This month, he's already booked for 15 dates, including a couple of scheduled appearances in the state Sunday.
More often than not, Ferguson is hired to give his spot-on rendition of King's impassioned "I Have a Dream" speech.
But the 42-year-old Fayetteville man delves deeper into Dr. King's inspirational canon, saying he's capable of delivering a performance from perhaps 30 of the civil rights icon's greatest speeches and sermons.
Those performances are presented as complete or excerpted speeches - a collective five to six hours worth of King's own words, set to memory.
The speeches include the 35-minute "I've Been to the Mountaintop," the popular name of the last speech given by King, on April 3, 1968, at the Mason Temple in Memphis. They also include the solemn "Letter From a Birmingham Jail," from an open letter King addressed to eight white fellow clergymen in 1963 after being arrested for his part in the nonviolent campaign against racial segregation in Birmingham.
Ferguson has given his King performance before as many as 30,000 people - at a Jena Six protest rally in Jena, La. - and before as few as 15 in a school classroom.
He has performed at King's Atlanta birthplace, with three of his children seated in the audience.
"I don't know how I do it," Ferguson said. "It comes from God."
In 2010, Ferguson said, he averaged about five King performances a month. This month has proved to be his best January since taking on the role professionally. January is always busy because it marks King's birthday, which will be celebrated as a national holiday Monday.
"I try to put myself in Dr. King's character," Ferguson said from the living room of his townhouse off Reilly Road. "I think about Dr. King, his family. And if he was standing there and listening to what I was doing, would it be pleasing to him?"
Two years ago in Lumberton, Ferguson breathed life into the "I Have a Dream" speech at a N.C. Black History Month celebration, three months after the historic election of President Obama.
"He knows that by heart," muttered one woman at the Lumberton performance. "If a blind man had walked by here, he would have thought it was Martin Luther King."
In Fayetteville, Ferguson has performed at the annual MLK prayer breakfast. Eight years ago, he gave a King speech at the groundbreaking for the Martin Luther King Jr. Memorial Park.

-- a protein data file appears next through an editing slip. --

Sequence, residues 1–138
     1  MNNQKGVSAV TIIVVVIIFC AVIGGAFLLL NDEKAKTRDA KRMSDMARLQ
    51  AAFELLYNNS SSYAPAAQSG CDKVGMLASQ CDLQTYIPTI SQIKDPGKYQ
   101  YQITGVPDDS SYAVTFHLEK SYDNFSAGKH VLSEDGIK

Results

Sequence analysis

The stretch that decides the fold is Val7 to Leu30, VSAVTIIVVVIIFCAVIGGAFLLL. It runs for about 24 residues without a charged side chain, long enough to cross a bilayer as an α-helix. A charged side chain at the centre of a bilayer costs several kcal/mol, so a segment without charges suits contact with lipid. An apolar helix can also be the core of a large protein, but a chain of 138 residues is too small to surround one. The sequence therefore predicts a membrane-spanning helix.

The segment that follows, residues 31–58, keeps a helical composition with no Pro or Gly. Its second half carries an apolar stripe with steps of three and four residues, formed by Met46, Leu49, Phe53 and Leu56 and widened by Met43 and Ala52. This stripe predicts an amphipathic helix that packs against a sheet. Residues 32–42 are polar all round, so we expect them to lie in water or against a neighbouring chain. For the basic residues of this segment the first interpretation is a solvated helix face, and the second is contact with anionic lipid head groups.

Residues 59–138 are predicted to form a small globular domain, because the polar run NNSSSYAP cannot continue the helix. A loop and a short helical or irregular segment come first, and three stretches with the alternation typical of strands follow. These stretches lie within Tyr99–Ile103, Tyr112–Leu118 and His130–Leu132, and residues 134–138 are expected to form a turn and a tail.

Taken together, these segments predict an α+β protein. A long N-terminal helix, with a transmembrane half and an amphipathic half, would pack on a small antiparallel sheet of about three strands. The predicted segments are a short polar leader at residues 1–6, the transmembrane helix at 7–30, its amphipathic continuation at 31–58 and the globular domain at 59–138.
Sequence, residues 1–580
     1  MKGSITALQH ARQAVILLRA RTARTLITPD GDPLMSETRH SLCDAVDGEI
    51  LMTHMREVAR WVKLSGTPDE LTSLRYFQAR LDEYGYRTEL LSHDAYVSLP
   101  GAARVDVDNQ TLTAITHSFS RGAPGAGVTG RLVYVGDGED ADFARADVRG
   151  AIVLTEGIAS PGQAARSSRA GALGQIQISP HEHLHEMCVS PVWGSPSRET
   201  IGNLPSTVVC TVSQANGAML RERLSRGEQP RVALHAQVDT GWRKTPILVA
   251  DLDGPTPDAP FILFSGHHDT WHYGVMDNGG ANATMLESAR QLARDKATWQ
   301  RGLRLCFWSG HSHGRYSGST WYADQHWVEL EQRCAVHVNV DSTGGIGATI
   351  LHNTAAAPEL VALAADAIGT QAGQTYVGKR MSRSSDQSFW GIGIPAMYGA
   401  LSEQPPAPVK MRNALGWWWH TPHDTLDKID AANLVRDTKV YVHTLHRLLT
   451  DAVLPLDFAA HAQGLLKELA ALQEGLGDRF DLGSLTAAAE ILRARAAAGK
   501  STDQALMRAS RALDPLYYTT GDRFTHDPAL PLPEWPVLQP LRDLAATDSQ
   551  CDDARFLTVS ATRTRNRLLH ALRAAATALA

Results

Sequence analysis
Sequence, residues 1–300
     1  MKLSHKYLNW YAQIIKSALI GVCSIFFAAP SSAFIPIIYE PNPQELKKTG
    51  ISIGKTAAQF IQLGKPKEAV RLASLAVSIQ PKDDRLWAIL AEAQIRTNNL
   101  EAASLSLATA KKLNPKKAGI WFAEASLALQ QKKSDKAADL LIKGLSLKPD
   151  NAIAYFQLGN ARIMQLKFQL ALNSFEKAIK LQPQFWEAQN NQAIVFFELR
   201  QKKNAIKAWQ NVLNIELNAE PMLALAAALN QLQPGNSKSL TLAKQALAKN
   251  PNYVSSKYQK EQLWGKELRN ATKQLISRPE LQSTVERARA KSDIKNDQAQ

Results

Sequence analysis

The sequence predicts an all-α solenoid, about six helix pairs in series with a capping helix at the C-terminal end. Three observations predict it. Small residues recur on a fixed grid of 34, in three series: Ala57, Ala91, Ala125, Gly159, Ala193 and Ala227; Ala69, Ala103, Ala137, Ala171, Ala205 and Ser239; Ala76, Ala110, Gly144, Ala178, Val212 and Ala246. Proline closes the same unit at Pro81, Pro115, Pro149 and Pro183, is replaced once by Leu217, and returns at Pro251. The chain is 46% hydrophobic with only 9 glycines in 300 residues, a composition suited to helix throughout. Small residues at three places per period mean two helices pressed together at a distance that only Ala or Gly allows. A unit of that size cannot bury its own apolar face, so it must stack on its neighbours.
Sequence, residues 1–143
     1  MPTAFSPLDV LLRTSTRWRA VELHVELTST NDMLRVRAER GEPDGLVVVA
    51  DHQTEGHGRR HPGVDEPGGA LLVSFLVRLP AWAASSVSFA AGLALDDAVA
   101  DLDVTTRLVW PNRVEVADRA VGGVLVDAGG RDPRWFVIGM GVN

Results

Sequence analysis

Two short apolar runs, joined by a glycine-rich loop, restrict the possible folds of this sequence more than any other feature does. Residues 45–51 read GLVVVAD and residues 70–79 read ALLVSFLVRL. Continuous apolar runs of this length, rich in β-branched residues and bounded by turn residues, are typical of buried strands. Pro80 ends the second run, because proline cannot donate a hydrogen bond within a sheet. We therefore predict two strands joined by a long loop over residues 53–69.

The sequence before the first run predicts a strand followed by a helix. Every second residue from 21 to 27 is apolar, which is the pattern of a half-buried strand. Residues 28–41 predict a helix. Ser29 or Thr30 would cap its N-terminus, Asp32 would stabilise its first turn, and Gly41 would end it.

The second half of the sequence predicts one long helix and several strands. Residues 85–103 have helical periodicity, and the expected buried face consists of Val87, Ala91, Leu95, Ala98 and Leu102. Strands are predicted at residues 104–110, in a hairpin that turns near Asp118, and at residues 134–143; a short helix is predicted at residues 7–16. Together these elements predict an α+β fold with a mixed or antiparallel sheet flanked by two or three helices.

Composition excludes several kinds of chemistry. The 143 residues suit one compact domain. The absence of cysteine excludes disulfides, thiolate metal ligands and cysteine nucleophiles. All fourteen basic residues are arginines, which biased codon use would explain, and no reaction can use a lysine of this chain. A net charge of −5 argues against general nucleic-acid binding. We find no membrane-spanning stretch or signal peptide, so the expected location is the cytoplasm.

On Sunday, Ferguson will perform a King speech at 8 a.m. at the Laurel Hill Missionary Baptist Church in Richmond County. He has an 11 a.m. engagement at the Christian Faith Baptist Church in Raleigh.
BirthplaceHe cites his performance in the fall, at the home where King was born in the Sweet Auburn community of Atlanta, as his most noteworthy to date. That came during the 30th anniversary of the Martin Luther King Jr. National Historic Site. The grounds include the tomb of King and his wife, Coretta Scott King.
"Because the family was there," Ferguson said, "I was not nervous on this one. I don't know why. I was tripping. I didn't know they would be there."
He said that after the ceremony, Bernice King - Dr. King's youngest child - approached him.
"Bernice told me, 'I have never heard anyone come that close to my father,' " Ferguson recalled. "To hear that come from his child, I can't tell you what that means to me."
Bernice King could not be reached for comment.
Agraph of her father, from the time of his "I Have a Dream" speech, hangs on a wall by Ferguson's kitchen. A collection of books on King, along with one or two on Rosa Parks and Gandhi, rest near a window.
"I'm a self-made historian," Ferguson said. "I spend a lot more time studying Dr. Martin Luther King himself than I do his speeches."
Ferguson pulled out a cardboard box of various King videos and audio recordings, which he has studied through the years to glean the essence of the man and mimic his speaking voice.
Ferguson said he initially spent two to three months learning a shorter version of the "I Have a Dream" speech for public performances. Along with the words, he strives to capture King's measured cadence. Typically, King almost always started out at a slow, conversational pace. But as his speech progressed, he would ramp up his pace and boost the volume of his voice to draw in his audience.
Although King died at the hands of an assassin's bullet in April 1968 in Memphis, Tenn., Ferguson said his words will continue to resound through the ages.
"They're just as relevant, if not more relevant, today," he said. "What Dr. King talked about - if you put it in one word - is love. That's what the Bible tells us to do.
"He preached love. Look at what's going on around us. Look at what happened in Tucson, Ariz. Look at what he said about Vietnam. I think that parallels what's going on now."